Coco In Korea

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Teacher, I Thought Everyone In America Was White!

Posted by cocoinkorea on March 8, 2010

(Image from here.)
So today began my first official day of teaching and I thought a good way to start off the year would be to let the children get to know about me, my family, and my home. I then thought it would be a good idea to get to know a little bit about them, and then have them ask me any question that they wanted to ask and I would answer, no matter what.

I started off by showing the kids a PowerPoint presentation about myself. I told them all about my family, and my home in New York. I then asked them their names, their ages and what they did over the weekend. Some of the kids said that they slept, some said they played computer games, some said that they watched tv and others told me that they studied. All of the baseball players in the room told me they played baseball (Side Note: Sokkyo Elementary is famous in the province for baseball; my school has the best baseball players in the area and they wear their uniforms in school all day long.)

Everything was going pretty well until it was my turn to answer the questions. Most of the people wanted to know about New York while others wanted to know about my personal life…. Here is how it went: (S=student T=teacher[me])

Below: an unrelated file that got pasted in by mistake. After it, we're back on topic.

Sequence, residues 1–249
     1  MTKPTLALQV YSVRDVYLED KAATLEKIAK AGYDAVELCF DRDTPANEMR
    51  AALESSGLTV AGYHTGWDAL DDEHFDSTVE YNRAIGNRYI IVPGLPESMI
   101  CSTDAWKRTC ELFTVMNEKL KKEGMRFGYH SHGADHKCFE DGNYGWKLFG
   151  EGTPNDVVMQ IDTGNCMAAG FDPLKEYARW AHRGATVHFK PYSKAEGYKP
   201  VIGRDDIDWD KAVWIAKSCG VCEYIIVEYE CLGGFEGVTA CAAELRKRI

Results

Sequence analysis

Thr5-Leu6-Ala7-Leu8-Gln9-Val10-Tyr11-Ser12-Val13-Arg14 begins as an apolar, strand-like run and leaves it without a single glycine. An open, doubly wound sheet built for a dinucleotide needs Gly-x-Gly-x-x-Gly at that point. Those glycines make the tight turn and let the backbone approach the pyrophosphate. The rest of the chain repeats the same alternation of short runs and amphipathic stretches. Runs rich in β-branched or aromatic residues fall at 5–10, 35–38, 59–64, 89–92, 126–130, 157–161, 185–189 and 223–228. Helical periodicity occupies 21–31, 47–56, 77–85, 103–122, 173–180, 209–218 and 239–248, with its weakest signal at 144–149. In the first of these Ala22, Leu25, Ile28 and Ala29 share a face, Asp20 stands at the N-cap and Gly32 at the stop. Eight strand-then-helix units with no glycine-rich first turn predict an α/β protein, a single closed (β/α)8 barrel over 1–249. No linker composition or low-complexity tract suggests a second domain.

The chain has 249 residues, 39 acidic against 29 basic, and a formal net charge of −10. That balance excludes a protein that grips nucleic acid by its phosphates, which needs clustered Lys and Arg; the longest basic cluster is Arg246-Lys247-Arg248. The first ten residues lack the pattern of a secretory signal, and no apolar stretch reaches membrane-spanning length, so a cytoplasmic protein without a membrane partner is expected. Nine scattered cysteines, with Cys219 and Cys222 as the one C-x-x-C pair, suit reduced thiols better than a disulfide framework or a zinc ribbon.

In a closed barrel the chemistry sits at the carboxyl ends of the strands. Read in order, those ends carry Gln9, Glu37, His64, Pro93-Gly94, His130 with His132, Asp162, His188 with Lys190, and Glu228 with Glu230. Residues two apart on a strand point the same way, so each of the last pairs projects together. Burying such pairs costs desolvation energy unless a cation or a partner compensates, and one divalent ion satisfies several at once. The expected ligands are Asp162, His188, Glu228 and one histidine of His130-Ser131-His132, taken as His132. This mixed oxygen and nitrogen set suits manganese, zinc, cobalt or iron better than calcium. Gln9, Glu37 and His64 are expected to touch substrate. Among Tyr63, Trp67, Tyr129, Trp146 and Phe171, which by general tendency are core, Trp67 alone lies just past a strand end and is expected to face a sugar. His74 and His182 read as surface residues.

S: Teacher, how many people live in New York City
T: About ten million
S: Wow!

S: Teacher, are you married?
T: No, not yet

S: Teacher, do you live alone in Korea?
T: Yes, I do.

S: Teacher, I thought everyone in America was white!

The last was clearly not a question. I had to explain that the United States is a big mixture of people, white, brown (“like me” I said), Chinese, Spanish, Japanese, Korean, Indian…. They were very suprised. I think I have to find a multicultural movie for my classes so they can see that America is full of many different nationalities.

Most of the classes went on in this way. The boys were definitely the more vocal students in the classes while the girls were more shy and reserved. In one of my sixth grade classes, one boy with dyed hair asked me what dong (area) I lived in and I told him. He then proceeded to tell me that he lived in the same area. He then asked for my address and I laughed. My co-teacher Monica told him that he could not have my address and he certainly could not go knocking on my door.
My co-teacher was so helpful today and now I understand the need for co-teaching in a Korean classroom. She had to assist me with language difficulties between me and the children since a lot of the things I said they did not understand or needed clarification for. The main difficulty in my classroom is that students are at many different levels. Some students are at the correct English level for their age while others are struggling severely with learning the language.

Tomorrow is teast day at my school so no classes!


One Response to “Teacher, I Thought Everyone In America Was White!”

  1. kis said

    You have picked the perfect place to start a teaching career!Cousin Laurie

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